The Environment Agency is today launching the bidding to manage tidal flood risk in London and the Thames Estuary in what is the UK’s largest flood risk management contract.
Suppliers from all over Europe are invited to bid for the Thames Estuary Phase 1 programme, which includes projects to maintain, refurbish, and replace Thames tidal defences in London and the Estuary.
Adapting to climate change
Wide ranging studies and investigations were carried out to look at how tidal flood risk is increasing in the Thames estuary due to ageing flood defence structures; climate change and rising sea levels; as well as more people living and working in the floodplain. The Thames Estuary 2100 Plan is the first major flood risk management project in the UK to have changing climate adaptation at its core. The Plan recommends maintaining, refurbishing, and replacing the tidal flood risk management structures and assets up to the end of the century. The first ten years of this capital investment is the Thames Estuary Phase 1 programme.
A major investment which will protect future generations of Londoners
This flagship programme is to be launched with an industry event on 18 September at the Thames Barrier. Interested parties have been invited to attend to find out more about bidding for this multi-million pound contract.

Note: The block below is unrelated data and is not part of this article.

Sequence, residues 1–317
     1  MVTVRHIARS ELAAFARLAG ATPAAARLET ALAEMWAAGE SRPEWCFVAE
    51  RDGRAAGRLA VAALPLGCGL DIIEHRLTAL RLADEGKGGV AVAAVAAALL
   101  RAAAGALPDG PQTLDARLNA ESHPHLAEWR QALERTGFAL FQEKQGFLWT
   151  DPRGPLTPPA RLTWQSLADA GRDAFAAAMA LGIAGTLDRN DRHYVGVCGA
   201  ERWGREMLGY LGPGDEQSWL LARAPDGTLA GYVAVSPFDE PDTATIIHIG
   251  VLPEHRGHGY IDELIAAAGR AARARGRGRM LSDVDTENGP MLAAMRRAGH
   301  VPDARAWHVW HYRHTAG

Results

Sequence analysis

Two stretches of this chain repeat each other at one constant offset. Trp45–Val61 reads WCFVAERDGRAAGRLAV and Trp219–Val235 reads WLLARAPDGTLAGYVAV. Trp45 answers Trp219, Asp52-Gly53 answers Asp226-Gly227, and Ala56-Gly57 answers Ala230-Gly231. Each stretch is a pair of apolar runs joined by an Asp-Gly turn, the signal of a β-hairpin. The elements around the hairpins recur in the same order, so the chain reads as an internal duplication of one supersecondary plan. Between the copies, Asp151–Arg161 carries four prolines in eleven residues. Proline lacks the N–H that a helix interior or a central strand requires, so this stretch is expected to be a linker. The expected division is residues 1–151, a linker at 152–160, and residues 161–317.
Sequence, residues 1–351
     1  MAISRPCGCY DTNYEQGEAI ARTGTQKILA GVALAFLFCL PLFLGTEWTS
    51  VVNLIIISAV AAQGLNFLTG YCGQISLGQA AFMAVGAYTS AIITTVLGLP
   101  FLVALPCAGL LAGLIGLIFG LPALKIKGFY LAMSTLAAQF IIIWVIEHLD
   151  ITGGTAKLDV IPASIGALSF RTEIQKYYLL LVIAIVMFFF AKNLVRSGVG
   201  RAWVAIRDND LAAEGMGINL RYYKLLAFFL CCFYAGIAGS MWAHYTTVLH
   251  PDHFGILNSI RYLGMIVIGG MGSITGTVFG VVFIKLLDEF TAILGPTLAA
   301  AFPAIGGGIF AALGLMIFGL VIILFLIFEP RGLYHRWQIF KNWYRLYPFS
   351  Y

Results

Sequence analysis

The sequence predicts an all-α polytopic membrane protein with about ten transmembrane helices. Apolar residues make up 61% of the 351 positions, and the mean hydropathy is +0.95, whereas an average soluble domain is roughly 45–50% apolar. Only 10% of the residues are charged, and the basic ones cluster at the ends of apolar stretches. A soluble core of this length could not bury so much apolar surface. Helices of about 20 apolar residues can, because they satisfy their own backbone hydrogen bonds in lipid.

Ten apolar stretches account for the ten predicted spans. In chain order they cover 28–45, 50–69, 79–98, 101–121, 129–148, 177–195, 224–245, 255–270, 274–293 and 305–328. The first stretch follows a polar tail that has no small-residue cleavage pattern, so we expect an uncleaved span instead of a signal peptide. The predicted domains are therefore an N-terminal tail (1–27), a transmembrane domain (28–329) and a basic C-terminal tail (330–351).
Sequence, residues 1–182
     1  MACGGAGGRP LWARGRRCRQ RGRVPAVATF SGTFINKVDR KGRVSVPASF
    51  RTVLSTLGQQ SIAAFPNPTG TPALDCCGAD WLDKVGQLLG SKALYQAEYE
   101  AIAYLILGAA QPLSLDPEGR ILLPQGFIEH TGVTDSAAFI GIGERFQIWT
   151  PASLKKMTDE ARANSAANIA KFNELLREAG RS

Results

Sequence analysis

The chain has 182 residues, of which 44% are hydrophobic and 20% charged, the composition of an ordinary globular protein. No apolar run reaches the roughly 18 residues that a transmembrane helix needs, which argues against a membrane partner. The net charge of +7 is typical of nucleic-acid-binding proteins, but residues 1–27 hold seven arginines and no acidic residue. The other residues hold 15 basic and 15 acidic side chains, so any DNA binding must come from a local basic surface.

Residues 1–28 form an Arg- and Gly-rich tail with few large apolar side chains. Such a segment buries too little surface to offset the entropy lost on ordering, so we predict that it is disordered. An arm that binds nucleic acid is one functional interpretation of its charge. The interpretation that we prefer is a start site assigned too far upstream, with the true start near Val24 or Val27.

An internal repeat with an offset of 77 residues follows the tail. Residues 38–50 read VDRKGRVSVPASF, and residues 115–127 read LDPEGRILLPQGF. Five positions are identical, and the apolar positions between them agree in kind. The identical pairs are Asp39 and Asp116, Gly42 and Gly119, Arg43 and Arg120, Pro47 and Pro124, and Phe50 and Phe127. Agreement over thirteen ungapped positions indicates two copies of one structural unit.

Peter Quarmby, Thames Estuary Flood Risk Programme Director said: “This is a major investment which will create jobs and protect future generations of Londoners from tidal flooding and the impacts of a changing climate.
“The Thames Barrier and associated tidal flood risk management infrastructure protects 1.25 million people, £200 billion worth of property, UK Government, major infrastructure and businesses. In London, every £1 we invest on protecting communities saves £38 in damage repair.”
The Thames Estuary Phase 1 programme will be made up of capital works, including:
- Major refurbishment works of fixed assets, such as tidal walls and embankments;
- Refurbishing works of active assets (including major flood barriers)
- New assets such as pumping stations;
- Capital renewals and replacements;
- Packages of major or complex maintenance works, such as repairing long lengths or fixed flood defence walls or subsidence of earth embankments.
With continual maintenance and improvement we expect the Thames Barrier to remain viable until 2070. A decision will need to be made around 2050 (based on government’s current climate change guidance) on any changes to the flood risk management system so changes can be planned and commissioned ready to use by 2070.